You might think that when someone chooses to part ways with your organization that they’re gone forever. But the reality is that good employees can and will leave your organization for many reasons. Maybe they felt they didn’t have room to grow in their role. Or they wanted to gain different experiences you simply couldn’t offer.
Regardless of why they left, former employees who performed well at your organization and left on good terms are always worth staying in touch with should a role open up that might be a good fit down the line. Again, you already know who they are and what skills they have, and as they already understand the ins and outs of your business. Additionally, the same survey mentioned above found that 67% of job seekers would be open to returning to organizations they’ve previously worked for.
And finally, nurture your existing talent by spending time learning what individuals want for themselves in their careers. Whether this is through surveys or 1:1 meetings, get to know the goals and aspirations of everyone on your team on a personal level. That way, when new roles open up you can look to existing team members who might be interested in that position. Much like the other groups, these are quality candidates who you can move into a new role fast. On top of that, this helps you ensure retention by giving top performers an opportunity to grow and expand.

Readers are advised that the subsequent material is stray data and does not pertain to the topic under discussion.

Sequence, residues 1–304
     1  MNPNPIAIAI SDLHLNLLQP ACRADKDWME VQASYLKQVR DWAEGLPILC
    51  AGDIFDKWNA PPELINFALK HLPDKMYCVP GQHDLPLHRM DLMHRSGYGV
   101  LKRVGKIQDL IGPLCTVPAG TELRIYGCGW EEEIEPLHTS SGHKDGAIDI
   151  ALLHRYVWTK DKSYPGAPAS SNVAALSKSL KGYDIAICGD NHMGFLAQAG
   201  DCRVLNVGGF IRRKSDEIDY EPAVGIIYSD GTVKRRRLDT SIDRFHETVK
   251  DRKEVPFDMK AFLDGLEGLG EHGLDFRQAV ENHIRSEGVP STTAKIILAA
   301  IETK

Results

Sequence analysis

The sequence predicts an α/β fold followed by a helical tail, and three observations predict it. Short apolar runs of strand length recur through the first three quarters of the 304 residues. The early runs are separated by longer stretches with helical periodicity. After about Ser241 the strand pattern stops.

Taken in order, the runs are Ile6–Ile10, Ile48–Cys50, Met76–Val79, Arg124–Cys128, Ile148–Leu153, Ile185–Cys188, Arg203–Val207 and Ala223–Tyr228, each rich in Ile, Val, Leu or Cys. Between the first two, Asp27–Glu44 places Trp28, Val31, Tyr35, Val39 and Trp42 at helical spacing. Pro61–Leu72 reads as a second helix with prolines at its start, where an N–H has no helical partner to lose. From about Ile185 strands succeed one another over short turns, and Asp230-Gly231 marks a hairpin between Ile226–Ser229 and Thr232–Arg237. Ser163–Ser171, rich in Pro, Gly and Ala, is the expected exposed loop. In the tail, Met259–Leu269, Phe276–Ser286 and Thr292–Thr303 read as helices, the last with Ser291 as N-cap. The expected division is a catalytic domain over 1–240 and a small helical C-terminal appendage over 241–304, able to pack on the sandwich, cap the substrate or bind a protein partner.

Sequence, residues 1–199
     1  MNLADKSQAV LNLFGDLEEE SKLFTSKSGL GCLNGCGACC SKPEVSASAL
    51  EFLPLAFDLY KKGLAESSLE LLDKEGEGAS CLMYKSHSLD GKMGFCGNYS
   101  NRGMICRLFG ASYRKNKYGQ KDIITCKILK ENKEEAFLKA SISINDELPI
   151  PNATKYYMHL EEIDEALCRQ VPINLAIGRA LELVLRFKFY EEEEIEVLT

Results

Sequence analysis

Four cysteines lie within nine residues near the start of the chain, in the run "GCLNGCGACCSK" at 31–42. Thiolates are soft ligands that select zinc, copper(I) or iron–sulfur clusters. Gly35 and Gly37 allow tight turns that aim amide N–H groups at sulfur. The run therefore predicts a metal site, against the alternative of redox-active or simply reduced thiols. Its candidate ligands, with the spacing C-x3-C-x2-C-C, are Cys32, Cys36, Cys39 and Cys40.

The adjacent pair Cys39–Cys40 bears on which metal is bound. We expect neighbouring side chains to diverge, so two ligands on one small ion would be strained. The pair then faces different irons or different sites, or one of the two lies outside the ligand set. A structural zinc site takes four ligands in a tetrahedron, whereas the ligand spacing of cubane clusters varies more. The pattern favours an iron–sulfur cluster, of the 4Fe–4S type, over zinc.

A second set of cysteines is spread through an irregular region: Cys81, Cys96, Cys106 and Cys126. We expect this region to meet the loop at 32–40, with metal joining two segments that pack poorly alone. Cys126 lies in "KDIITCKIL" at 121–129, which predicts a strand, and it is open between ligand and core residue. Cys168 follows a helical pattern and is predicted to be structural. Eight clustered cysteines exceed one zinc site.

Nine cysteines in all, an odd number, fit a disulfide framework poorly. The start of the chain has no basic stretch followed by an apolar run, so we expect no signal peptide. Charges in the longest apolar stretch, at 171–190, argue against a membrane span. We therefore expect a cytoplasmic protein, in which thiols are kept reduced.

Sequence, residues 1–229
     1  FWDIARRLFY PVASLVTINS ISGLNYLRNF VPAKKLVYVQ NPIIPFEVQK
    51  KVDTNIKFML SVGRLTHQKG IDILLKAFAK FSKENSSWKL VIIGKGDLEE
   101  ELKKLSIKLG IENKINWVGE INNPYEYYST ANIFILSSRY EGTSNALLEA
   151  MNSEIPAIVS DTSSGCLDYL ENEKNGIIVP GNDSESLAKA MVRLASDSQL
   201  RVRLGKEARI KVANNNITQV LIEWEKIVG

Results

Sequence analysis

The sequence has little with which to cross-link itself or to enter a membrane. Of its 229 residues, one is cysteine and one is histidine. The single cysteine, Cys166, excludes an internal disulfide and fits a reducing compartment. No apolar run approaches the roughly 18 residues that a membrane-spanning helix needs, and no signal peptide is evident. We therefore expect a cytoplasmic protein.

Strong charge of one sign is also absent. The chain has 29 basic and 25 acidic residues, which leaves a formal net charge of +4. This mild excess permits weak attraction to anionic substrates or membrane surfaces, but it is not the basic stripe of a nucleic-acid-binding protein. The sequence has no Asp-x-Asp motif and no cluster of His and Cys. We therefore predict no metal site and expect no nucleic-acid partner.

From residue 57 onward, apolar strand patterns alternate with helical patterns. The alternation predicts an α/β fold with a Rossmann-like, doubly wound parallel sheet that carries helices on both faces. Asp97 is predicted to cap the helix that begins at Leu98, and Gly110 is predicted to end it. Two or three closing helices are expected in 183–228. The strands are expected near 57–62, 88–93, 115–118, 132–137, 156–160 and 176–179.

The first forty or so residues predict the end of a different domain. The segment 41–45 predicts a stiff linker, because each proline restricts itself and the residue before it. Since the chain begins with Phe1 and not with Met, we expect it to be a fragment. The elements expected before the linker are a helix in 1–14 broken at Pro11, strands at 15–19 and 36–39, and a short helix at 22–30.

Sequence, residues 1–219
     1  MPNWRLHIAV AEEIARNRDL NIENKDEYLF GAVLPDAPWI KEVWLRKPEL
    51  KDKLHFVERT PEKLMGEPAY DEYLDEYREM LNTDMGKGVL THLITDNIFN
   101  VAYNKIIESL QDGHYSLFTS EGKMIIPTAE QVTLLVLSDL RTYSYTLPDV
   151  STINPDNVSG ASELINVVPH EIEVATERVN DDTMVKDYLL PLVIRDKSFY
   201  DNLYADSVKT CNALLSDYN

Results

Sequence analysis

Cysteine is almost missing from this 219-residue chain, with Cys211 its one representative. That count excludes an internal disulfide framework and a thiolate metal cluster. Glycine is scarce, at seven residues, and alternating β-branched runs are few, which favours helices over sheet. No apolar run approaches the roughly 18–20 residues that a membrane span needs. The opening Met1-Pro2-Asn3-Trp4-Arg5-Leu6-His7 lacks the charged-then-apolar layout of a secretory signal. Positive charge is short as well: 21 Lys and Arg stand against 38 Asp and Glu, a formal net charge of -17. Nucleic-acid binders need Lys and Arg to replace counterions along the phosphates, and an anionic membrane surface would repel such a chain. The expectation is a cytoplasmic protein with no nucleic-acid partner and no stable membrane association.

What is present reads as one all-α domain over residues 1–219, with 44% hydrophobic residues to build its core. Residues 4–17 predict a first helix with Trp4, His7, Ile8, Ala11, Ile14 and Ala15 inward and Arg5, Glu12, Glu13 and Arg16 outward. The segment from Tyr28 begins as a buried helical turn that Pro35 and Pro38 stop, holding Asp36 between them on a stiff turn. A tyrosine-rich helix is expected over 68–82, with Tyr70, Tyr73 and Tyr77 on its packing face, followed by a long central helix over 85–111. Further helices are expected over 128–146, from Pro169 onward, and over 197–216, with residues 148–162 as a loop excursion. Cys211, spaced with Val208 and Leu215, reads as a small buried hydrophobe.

How to engage with your talent database
Now that you have a database of all these connections, how exactly do you engage with and maintain these relationships?
Great talent management involves regular and consistent text or email campaigns with messages that are relevant to the audience. For example, maybe for former employees, your messages contain employee announcements at your organization — such as new benefits offered, revenue milestones, or product/service offering updates. And of course it’s important to regularly communicate open roles that are available. The key is showing that your organization is growing and improving, and that there’s room for former employees to return should the right opportunity arise.
The same concept applies to each audience in your database. For existing employees you might want to communicate learning and development opportunities alongside open roles. Or for referral connections, you might want to share testimonials from your existing team about what they love about working for you.
Effective talent relationship management can help you make better quality hires faster, which ultimately impacts your organization’s bottom line. But building a database of talent from scratch takes time and can be tough to do without the right tools and technology at your disposal. Whether you need help organizing and managing your contacts or improving your campaigns and messaging, Hireology is here to help. Take a tour of our employee referral program product today.